The Fucking Champs-associated Trans Am play a kind of ironic/non-ironic synth metal with krautrock overtones, their eighth album, Sex Change, apparently being a return to form after a couple of unsuccessful diversions. It shifts between sort-of synth-pop (First Words, North East Rising Sun, most of the rest) and something nearer Champs territory (Conspiracy Of The Gods, Shining Path), with the odd sidetrack here and there. 'Best tracks' are entirely a matter of taste, I feel; I like Shining Path and the synth-heavy Tesco Vs Sainsbury's (have they visited the UK lately?), but their fanbase may prefer the lighter material.
The album was recorded in Auckland and the band borrowed some vintage gear while in NZ, including Tall Dwarfs' Chris Knox's M400, although it's only at all obvious on one track, with rather background strings on the superbly-titled Conspiracy Of The Gods, played by an unknown (Knox, maybe?), that could almost be something generic. Anyway, an interesting album, if not one I'll be returning to that often. Incidentally, a Mellotron was also used on on of their Champs collaborations (below), TransChamps.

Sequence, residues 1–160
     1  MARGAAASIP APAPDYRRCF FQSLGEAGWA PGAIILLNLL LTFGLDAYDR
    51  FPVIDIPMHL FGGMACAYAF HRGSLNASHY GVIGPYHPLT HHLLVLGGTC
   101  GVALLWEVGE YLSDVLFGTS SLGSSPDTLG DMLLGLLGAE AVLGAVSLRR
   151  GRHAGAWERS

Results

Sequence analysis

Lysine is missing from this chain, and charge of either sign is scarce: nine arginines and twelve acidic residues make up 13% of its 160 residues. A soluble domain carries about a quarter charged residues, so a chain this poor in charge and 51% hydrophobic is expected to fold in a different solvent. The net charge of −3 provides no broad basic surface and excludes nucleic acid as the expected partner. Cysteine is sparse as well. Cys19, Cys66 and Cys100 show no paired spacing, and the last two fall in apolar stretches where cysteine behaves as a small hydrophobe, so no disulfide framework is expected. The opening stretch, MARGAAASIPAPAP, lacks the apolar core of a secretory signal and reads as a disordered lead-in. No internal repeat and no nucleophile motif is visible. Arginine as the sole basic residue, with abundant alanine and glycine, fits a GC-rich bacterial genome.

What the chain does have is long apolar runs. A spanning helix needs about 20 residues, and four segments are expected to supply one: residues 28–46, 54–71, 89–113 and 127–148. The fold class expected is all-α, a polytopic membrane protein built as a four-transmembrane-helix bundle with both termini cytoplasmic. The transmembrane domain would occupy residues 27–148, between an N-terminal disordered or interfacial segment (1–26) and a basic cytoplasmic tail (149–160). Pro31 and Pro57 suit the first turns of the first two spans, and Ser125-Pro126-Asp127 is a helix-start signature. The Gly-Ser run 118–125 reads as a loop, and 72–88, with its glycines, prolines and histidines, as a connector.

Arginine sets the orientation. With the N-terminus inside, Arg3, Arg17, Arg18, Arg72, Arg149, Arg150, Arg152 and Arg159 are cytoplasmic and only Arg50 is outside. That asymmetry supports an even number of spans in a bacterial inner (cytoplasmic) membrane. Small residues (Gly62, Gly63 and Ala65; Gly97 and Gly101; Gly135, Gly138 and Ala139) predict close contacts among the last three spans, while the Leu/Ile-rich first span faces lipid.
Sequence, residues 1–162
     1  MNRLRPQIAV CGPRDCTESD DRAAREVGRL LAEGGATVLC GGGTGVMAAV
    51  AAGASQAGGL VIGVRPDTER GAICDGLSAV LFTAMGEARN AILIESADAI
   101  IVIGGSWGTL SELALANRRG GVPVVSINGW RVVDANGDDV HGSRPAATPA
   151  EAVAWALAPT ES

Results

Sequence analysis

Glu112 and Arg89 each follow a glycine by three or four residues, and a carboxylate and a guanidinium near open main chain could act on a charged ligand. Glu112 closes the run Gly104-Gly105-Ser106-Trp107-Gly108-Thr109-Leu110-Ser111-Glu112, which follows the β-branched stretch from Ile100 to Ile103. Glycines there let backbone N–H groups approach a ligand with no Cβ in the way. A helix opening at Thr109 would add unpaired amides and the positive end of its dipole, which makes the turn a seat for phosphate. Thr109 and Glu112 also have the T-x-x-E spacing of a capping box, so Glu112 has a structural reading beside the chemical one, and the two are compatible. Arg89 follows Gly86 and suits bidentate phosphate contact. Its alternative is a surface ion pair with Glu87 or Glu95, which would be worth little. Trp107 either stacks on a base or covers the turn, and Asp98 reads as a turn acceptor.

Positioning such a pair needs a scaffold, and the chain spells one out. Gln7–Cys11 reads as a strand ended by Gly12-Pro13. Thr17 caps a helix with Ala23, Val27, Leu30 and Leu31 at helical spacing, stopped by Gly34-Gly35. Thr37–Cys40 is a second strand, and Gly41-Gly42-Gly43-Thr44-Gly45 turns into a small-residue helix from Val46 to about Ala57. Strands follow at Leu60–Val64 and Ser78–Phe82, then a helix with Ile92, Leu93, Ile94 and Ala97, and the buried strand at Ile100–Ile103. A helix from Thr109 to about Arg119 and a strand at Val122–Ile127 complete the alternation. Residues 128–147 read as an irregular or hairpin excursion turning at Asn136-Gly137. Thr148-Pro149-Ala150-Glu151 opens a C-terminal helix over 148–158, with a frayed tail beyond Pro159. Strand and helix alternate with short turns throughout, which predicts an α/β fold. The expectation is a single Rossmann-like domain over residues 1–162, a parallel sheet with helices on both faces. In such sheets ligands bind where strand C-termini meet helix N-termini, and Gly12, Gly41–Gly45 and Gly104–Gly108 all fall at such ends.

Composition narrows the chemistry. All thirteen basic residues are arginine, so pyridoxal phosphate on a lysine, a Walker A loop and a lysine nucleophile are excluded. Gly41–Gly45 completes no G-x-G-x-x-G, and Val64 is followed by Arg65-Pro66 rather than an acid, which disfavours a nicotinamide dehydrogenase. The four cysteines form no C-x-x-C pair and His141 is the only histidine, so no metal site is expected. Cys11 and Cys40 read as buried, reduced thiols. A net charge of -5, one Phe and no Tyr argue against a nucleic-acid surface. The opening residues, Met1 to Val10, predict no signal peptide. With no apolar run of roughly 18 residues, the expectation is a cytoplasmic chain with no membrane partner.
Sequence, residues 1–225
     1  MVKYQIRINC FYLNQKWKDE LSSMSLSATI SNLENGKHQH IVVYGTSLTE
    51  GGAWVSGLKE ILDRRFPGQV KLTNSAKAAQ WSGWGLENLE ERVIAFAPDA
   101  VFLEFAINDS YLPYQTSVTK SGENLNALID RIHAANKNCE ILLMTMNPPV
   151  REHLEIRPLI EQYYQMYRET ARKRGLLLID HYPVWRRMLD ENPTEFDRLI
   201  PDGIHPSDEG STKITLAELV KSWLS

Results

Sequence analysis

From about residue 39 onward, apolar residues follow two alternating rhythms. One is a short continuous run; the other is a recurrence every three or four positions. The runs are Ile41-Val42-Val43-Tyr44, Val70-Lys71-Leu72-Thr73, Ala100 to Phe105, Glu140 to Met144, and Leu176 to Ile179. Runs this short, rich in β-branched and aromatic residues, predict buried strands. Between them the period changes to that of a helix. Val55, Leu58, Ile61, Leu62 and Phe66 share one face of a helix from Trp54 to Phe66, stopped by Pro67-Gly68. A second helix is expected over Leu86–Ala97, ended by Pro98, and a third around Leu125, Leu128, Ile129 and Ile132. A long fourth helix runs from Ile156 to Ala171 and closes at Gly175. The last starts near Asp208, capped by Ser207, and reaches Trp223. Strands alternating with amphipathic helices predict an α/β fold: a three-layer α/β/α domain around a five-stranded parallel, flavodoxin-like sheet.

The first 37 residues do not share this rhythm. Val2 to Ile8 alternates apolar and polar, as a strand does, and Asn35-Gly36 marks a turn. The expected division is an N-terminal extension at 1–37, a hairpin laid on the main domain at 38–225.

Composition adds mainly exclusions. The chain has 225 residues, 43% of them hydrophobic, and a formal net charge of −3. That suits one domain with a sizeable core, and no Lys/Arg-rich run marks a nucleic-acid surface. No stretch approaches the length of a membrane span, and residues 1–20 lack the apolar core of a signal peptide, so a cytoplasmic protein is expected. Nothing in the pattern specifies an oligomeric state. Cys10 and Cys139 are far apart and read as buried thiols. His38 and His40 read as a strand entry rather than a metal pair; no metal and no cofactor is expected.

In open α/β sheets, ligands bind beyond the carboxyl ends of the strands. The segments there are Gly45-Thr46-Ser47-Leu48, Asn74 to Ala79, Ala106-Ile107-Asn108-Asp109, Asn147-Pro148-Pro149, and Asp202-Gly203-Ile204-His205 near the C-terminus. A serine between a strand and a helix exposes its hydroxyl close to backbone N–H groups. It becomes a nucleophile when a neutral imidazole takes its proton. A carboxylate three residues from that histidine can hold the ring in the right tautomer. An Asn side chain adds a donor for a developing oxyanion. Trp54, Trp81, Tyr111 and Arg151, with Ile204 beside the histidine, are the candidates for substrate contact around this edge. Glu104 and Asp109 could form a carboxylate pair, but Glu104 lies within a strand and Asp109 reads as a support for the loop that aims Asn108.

See: Fucking Champs | Fucking Am | TransChamps
Funky Steps (1974, 35.23) ***½/TT½Dance Ritual of Fire From Love, the Magician
Largo From Mandolin Concerto
Dream of Love
Morning From Peer Gynt Suite No. 1
Andante From Pathetic Symphony
Moderato From Piano Concerto No. 2